Checkbook Risks: Why You Shouldn’t Write Checks Anymore

Writing a check.
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When was the last time you wrote a check?

In a new survey from GOBankingRates polling 1,000 Americans, 44.5% of respondents revealed they have not written a physical check in the past year. While this percentage may seem quite high, many are still using their checkbooks on an active basis. For instance, 15% said they write a few checks a month and 22% write a check once a month.

In an increasingly digital world where we rely on automatic payments, we may wonder if writing checks will become obsolete. For those who still need them, though, checks are a vital part of their financial lives.

Still, writing checks comes with a number of issues that suggest doing away with the process could be a good thing. Consider some of these risks associated with check-writing — courtesy of Todd Christensen, education manager at Debt Reduction Services.

Checks Can Reveal Too Much Information

For the most part, people who write a physical check and give it to a recipient — like a contractor or their landlord — are trusting this individual with the payment amount and personal information printed on the check. What many often do not consider is how much confidential information is also on there.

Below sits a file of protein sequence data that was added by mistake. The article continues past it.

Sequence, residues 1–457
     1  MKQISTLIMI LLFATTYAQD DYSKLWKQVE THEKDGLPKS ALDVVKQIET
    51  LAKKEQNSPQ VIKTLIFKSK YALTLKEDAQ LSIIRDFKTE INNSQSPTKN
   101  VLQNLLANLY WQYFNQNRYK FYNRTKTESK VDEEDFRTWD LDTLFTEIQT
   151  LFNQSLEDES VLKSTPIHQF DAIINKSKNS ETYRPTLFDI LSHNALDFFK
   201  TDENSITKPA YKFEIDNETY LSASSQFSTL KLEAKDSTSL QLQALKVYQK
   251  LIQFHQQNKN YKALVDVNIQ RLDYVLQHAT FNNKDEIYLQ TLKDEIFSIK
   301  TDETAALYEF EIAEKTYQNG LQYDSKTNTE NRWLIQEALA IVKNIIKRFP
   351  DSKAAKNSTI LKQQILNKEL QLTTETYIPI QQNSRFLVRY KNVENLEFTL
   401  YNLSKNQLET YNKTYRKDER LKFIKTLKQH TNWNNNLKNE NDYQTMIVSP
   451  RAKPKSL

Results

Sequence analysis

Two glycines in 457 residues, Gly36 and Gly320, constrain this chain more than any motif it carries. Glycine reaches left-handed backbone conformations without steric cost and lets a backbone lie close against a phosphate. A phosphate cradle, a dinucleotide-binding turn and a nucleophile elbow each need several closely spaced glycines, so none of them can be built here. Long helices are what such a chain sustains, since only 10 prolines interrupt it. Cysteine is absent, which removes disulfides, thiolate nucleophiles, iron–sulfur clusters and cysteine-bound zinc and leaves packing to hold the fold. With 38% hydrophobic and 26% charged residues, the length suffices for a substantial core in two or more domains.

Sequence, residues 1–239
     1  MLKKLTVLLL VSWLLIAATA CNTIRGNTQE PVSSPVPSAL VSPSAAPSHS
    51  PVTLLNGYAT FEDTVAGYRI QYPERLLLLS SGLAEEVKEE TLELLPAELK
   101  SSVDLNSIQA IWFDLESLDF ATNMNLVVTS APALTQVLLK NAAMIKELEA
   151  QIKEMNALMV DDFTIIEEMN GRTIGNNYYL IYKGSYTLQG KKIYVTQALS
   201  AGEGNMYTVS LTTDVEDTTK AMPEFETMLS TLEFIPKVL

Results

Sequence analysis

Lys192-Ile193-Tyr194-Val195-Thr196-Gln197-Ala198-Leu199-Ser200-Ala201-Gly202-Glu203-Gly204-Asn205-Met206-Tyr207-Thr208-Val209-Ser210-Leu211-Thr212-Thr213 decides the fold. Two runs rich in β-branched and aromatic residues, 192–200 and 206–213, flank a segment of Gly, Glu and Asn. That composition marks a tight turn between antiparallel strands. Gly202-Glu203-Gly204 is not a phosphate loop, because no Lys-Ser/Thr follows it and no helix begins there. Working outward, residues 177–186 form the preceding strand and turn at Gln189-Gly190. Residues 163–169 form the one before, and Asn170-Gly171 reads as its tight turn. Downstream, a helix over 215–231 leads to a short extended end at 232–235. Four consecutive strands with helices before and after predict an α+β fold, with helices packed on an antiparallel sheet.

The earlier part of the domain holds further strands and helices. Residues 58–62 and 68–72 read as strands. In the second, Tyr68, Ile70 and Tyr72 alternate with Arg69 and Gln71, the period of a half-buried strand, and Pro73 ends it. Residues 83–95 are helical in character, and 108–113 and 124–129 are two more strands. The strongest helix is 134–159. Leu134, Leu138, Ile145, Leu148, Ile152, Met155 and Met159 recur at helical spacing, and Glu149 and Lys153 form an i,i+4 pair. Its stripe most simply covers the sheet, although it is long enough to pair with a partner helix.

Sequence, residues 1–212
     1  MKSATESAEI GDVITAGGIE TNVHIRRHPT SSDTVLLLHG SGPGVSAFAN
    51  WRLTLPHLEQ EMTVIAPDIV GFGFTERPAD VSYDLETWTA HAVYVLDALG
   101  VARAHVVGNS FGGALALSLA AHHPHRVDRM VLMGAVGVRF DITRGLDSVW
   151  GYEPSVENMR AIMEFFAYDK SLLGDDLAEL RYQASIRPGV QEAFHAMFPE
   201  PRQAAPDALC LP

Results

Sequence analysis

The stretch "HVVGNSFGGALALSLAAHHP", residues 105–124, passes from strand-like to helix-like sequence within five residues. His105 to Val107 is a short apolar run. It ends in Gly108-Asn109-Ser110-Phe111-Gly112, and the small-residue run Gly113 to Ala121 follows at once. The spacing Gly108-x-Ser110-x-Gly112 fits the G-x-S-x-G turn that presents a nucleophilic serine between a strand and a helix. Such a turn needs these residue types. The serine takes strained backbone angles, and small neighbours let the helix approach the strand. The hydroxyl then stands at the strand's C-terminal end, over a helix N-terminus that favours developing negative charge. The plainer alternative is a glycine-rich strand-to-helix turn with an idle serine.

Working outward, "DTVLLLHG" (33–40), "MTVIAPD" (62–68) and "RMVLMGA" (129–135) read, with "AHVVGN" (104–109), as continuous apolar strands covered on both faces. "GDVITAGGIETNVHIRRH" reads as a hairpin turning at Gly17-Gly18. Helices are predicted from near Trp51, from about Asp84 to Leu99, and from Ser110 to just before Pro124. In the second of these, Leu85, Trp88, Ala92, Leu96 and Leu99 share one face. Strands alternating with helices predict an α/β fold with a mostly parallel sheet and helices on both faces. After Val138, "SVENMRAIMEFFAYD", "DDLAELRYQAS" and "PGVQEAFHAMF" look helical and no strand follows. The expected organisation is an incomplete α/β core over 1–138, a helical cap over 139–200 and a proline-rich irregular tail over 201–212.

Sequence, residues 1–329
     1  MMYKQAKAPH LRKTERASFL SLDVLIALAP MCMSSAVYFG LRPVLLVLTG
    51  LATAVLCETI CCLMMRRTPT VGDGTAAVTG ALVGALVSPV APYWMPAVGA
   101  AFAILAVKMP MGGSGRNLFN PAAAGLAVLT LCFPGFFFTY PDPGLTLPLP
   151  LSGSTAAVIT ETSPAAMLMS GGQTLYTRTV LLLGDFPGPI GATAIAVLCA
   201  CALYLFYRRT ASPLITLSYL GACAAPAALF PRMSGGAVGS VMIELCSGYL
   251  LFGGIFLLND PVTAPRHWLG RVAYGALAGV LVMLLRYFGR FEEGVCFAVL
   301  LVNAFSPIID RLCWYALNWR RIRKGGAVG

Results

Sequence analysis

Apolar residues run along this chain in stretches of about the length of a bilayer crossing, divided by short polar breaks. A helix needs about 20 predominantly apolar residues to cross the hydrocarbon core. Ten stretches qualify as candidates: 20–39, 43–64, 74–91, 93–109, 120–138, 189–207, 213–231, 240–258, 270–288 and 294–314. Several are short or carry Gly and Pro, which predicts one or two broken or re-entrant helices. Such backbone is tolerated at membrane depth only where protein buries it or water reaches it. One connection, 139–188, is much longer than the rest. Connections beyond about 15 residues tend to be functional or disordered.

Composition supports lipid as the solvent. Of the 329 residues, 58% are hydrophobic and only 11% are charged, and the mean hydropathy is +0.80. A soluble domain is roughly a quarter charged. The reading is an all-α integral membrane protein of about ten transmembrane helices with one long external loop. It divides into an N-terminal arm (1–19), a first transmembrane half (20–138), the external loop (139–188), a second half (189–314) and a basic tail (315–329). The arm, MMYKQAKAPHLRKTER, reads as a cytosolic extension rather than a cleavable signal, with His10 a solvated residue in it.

“Every check they’ve ever written has their checking account number and their financial institution’s routing number out in the open for anyone to see,” said Christensen.

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In the wrong hands, or in situations where the check is not cashed quickly enough, this could lead to identity theft.

Checks Can Get Lost

A mailed check doesn’t always arrive at its destination. Christensen said checks can get lost in the mail or even in the merchant’s mailroom.

In a world where most individuals rely on receiving their mail or packages in a timely manner, this growing risk could persuade those who write physical checks to transition to a digital form of payment.

Stopping a Check Is Difficult

Previously, if a consumer got cold feet after a transaction they had the ability to stop a check. 

Christensen said the passing of the Check 21 Act in 2004 has since changed this. “Checks used to take three to five business days to clear in a consumer’s bank account. The check you write at the cashier can now clear in your account instantaneously.”

Do Physical Checks Still Matter?

There are still benefits to using physical checks. Christensen said studies have shown that using plastic — like credit, debit and prepaid cards — increases impulse spending and encourages bad spending habits. Using cash and checks, however, can better help consumers live within their budgets.

“Writing out the amount of a purchase forces the consumer to accept that money is being transferred from the limited amount of funds in their checking account,” said Christensen.

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But these budgetary reasons, along with the novelty of choosing personalized checks, may not be enough to avoid the impending end of physical checks. This is especially true of younger generations, like Gen Z and Gen Alpha as the latter starts to grow up.

“With an ever-growing list of options to make and accept payments which are both more convenient and safer than writing a check, I expect the vast majority of current teenagers will never write a check in their lives,” said Christensen.

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